Refugee and migrant children – some travelling with their families, some alone – risk everything, even their own lives, in search of a better life. Millions of uprooted families flee their homes to escape conflict, persecution and poverty in countries including Syria, Afghanistan, Iraq, Somalia and Sudan.
When children and young people feel that they have no choices, no sense of a future, and where there are no safe and legal alternatives for migration available to them, uprooted children will take matters into their own hands, facing even greater risks of exploitation at the hands of people smugglers and traffickers.
"There are far more reasons that push children to leave their homes and fewer pull factors that lure them to Europe. But for those who do aim to come to Europe, the allure is the chance to further their education, find respect for their rights and get ahead in life. Once they reach Europe, their expectations are sadly shattered."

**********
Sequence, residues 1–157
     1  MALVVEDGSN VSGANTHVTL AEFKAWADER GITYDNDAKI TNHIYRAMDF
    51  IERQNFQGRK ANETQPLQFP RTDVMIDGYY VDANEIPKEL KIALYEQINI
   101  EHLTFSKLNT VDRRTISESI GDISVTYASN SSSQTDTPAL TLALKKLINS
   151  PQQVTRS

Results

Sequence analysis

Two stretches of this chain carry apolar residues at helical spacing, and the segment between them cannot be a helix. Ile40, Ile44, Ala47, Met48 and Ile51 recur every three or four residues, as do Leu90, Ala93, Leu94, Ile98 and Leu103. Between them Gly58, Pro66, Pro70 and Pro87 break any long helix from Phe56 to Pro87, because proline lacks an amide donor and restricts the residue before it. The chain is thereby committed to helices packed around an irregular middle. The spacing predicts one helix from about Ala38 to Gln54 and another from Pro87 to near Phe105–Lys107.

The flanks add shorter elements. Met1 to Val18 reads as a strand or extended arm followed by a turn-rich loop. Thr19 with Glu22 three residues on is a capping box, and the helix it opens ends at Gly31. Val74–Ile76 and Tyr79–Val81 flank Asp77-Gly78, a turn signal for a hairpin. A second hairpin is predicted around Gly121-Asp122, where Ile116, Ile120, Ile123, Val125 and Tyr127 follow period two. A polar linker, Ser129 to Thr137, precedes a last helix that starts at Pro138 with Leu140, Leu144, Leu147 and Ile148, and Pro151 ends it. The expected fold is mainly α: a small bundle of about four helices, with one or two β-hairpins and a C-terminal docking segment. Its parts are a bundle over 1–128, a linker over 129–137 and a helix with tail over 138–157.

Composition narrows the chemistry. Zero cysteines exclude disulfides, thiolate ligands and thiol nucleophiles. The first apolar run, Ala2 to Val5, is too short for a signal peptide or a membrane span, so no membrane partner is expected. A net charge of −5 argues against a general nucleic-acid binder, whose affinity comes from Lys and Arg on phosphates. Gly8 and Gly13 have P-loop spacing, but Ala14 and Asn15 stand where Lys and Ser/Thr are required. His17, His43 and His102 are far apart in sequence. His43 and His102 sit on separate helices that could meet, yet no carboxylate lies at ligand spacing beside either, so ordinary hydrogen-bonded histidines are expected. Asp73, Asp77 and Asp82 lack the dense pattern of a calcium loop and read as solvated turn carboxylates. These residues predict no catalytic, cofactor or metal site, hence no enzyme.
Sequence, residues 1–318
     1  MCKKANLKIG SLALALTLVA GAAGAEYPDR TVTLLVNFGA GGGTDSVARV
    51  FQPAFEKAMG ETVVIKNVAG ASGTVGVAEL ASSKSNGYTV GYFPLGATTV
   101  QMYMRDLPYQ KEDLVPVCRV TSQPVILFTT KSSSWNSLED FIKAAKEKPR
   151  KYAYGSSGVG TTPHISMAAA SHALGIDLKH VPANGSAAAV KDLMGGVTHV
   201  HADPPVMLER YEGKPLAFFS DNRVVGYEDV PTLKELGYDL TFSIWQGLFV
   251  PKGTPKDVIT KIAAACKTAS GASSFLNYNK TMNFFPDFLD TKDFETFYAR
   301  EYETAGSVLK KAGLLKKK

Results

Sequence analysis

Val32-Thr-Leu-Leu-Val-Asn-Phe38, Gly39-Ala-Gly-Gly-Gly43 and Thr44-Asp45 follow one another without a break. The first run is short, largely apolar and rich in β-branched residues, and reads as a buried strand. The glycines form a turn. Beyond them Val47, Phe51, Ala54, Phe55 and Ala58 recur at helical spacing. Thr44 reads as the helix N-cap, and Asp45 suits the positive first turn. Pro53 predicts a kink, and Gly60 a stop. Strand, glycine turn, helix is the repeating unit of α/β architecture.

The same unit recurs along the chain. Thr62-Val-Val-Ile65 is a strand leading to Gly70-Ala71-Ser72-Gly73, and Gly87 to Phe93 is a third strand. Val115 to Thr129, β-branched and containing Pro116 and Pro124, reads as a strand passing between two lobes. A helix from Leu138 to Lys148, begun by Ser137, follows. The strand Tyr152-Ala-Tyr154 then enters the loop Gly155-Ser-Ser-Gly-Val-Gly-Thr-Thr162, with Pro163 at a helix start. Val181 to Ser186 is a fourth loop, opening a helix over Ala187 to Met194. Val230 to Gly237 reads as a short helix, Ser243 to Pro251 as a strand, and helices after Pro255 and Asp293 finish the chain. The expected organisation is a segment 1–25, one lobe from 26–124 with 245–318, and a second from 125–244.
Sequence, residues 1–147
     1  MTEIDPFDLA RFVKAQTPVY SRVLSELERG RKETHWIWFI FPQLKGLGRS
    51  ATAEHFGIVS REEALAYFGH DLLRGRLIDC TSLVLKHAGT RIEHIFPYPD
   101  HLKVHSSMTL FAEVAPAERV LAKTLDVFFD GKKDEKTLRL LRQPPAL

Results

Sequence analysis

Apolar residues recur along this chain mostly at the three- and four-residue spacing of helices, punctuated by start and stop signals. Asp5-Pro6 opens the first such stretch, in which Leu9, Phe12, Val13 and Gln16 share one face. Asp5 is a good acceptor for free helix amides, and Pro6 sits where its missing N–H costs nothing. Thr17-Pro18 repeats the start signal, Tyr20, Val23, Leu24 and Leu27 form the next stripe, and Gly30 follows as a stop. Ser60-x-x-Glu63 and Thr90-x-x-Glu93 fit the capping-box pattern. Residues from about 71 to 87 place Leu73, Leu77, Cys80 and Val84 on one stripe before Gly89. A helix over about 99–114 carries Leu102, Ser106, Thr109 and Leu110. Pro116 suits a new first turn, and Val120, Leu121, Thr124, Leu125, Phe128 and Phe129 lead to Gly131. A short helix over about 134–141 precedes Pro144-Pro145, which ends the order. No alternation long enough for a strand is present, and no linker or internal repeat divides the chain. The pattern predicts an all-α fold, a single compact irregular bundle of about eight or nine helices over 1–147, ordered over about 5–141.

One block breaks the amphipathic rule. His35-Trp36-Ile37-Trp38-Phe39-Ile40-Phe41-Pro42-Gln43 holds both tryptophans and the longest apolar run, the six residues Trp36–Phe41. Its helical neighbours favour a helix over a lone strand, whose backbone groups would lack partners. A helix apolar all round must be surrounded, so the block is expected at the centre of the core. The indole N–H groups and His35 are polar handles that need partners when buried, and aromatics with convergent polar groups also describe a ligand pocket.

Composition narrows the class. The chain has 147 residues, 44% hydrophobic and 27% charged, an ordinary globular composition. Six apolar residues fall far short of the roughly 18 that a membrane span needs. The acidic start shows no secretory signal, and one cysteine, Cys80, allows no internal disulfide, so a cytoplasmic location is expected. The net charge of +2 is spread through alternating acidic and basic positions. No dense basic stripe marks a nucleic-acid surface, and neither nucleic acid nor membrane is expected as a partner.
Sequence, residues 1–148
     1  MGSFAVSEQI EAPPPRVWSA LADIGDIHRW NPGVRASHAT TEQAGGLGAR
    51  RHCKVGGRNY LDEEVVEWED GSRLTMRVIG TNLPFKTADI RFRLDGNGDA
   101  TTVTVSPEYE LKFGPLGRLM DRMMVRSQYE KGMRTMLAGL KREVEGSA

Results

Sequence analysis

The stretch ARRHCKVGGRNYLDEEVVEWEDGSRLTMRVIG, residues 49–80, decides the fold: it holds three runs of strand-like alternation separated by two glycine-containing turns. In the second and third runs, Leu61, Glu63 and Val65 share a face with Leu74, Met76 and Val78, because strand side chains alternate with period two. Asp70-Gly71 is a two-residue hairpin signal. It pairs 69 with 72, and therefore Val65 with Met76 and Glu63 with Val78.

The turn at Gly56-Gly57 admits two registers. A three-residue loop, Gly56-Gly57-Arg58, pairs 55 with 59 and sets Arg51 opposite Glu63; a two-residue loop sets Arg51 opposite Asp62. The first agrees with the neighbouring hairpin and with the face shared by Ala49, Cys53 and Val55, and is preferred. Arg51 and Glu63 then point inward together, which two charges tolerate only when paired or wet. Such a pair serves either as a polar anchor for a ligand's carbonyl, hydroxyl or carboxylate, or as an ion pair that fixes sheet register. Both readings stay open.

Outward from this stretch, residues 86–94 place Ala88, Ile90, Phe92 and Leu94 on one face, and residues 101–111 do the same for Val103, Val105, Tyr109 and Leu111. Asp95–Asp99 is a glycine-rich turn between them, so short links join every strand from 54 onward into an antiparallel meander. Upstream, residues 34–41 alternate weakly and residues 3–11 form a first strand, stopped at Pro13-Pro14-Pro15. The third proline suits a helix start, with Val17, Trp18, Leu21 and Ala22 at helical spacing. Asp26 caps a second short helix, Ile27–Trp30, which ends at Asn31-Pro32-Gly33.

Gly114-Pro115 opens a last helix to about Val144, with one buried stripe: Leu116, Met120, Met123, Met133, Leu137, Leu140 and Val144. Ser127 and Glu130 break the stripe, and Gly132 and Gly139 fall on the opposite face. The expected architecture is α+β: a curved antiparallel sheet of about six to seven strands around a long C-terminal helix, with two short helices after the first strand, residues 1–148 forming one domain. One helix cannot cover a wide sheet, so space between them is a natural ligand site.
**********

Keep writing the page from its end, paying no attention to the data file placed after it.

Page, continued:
- Afshan Khan, Regional Director for UNICEF in Europe and Central Asia.
All children on the move are vulnerable to abuse and other grave forms of violence during and after their journeys. It is estimated that more than one child dies every day along the perilous Central Mediterranean route from North Africa to Italy. Of the almost 100,000 refugees and migrants travelling via this route in the past year, around 15 per cent are children.
The vast majority are boys aged 16 to 17 travelling alone from numerous countries in West Africa and the Horn of Africa. For many, Europe may not be their intended destination when they set out on their journey: most head for neighbouring countries at first, but the abuse they experience along the way compels them to push on towards Europe.